Amidst the balconies, galleries and catacombs,
Ornate and functional with a weight
Other than history,
Worn wood seats and tables battered
With a century’s elbows,
I came to escape the thrum and sit
Surrounded by philosophical insight,
Such that a building should exist partly
For my own inclusion,
Partly for my imagination,
Partly so as I can say I’ve now been here.
Let its spirit and geniality,
It’s learning and it’s beauty,
Infuse into me a certain earnestness.
The first thing that happens is
I can’t fit my fat arse into the wooden armchair seat.
And then I get a crick in my neck
Trying to read what the man next to me
And then I bang my knee on the underside of the table
And the resulting jog
Spills the coffee of the man across from me,
Mops it up with a handkerchief,
Doesn’t say anything at all,
I skim above the surface of potential intelligence.
I have the glasses, the pens, and even the haircut
Of a man who aims to probe the mysteries
Of the human condition,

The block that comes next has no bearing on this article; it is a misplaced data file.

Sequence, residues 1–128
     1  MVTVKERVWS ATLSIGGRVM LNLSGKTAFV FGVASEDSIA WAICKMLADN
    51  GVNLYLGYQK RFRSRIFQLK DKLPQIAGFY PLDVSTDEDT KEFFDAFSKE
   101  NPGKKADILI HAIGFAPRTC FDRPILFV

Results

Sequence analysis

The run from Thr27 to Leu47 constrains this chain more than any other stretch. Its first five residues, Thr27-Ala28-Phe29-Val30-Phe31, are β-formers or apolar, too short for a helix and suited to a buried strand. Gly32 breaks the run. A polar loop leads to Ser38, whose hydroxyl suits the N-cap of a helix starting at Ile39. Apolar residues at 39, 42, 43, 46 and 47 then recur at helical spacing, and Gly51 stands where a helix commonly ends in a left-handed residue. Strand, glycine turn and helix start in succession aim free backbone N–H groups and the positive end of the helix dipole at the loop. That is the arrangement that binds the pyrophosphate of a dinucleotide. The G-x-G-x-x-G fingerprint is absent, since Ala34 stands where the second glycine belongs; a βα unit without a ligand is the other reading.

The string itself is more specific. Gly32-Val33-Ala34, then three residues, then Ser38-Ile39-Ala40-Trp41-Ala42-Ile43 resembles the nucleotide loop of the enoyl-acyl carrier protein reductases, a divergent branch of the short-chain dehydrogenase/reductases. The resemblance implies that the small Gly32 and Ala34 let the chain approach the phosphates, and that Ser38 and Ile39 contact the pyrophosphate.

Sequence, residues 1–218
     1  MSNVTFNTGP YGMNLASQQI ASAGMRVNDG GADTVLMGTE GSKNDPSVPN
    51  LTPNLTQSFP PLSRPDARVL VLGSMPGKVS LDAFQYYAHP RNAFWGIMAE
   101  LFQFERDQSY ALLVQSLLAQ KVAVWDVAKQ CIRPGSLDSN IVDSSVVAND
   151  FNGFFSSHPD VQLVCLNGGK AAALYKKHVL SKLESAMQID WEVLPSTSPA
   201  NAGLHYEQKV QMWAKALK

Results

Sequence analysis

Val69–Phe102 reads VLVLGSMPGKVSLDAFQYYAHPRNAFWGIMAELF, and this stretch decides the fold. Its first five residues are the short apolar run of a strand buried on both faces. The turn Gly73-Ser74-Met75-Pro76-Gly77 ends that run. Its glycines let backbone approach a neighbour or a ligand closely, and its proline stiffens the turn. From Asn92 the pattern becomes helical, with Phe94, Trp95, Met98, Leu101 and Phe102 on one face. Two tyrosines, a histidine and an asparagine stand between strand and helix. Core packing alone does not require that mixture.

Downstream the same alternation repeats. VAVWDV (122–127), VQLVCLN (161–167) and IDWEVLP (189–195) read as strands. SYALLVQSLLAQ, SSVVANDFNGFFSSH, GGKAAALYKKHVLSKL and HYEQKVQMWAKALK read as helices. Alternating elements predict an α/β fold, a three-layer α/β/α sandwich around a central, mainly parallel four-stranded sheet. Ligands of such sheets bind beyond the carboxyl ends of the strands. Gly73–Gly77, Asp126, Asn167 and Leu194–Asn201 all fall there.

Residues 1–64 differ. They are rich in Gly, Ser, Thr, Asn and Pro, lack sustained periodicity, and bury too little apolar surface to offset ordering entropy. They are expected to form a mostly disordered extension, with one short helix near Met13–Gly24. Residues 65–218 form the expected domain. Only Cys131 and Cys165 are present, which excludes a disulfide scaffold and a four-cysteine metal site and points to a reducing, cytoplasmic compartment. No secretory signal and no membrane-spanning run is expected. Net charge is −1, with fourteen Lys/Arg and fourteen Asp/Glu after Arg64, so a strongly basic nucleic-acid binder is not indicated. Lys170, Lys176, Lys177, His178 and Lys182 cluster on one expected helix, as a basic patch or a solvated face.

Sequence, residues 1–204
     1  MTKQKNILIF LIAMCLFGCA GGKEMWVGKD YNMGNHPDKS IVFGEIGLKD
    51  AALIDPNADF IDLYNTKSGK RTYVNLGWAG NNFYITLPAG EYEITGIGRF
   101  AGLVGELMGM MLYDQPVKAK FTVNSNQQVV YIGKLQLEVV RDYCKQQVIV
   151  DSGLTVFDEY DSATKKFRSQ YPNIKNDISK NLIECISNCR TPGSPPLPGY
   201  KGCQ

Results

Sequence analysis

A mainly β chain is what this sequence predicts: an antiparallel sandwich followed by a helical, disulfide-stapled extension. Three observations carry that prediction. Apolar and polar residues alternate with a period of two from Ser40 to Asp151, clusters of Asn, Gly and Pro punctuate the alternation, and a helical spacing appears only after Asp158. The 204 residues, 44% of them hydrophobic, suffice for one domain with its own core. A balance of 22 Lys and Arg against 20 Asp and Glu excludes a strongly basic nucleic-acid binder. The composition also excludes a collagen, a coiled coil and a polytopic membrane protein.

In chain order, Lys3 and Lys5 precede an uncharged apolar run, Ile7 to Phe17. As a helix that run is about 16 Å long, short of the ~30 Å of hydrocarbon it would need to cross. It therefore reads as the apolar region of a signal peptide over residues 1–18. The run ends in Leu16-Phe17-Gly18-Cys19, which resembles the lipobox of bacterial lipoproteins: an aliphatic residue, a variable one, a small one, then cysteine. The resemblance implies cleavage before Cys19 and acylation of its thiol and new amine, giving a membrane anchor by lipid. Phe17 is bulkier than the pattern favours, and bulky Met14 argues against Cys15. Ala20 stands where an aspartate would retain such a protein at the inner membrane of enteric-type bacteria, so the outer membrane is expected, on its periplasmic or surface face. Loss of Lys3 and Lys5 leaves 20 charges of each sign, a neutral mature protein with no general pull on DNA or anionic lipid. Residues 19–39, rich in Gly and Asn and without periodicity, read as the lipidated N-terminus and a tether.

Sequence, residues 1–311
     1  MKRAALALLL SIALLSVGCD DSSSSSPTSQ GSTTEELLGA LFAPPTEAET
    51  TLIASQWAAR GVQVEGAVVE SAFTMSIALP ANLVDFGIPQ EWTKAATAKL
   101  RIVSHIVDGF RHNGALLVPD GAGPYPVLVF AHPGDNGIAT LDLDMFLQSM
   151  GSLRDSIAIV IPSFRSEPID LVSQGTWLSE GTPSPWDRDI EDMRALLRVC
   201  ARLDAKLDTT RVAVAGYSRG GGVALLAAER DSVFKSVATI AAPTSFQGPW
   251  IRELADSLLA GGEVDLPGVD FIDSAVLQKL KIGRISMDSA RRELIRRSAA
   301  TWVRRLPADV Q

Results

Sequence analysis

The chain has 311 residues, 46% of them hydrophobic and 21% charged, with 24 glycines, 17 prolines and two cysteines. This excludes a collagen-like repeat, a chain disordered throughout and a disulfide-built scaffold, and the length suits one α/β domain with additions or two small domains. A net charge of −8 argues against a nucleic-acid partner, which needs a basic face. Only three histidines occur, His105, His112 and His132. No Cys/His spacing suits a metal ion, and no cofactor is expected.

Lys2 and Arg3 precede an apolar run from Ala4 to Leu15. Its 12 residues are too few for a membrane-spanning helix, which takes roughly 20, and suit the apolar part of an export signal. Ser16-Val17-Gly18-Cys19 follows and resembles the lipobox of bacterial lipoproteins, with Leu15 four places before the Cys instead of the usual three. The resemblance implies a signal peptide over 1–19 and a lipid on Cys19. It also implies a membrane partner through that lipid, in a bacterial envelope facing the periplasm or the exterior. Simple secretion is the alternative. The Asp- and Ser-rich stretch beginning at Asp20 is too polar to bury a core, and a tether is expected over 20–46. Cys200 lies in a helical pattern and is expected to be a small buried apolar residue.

But I just googled the fastest route to the
Nearest Tesco’s Metro.
Tick, goes the old Victorian clock.
Tick, and indeed, tock.
How many times has it ticked and it tocked
It’s inevitable onerous tick tock
As amateur learners write margin notes,
And fuss over spilled coffee?
Often e Crave the journey more
Than the destination.
They serve tea here in borrowed mugs.
The intricate coving and architectural embellishments
Gaze down on Sunday supplements.
I dribbled bottled water on my shorts
And it looks like I’ve wet myself.
The old man next to me chuckles
At a passage in his book on ethical Christianity.
If I stay still long enough
I will discover myself,
That I, a loose conglomerate of
Atoms, molecules and thought processes,
Should stand for more than
The repetition of my name.
Closure in the anonymity,
Physical presence, location, time.
If I stay still long enough . . .
These things may come.
And if I can’t get my arse out
From this seat wherein it is wedged,
This may happen
Sooner rather than later.
I spent a lot of time at the Lit and Phil as a sixth former in the late sixties. It probably hasn’t altered much.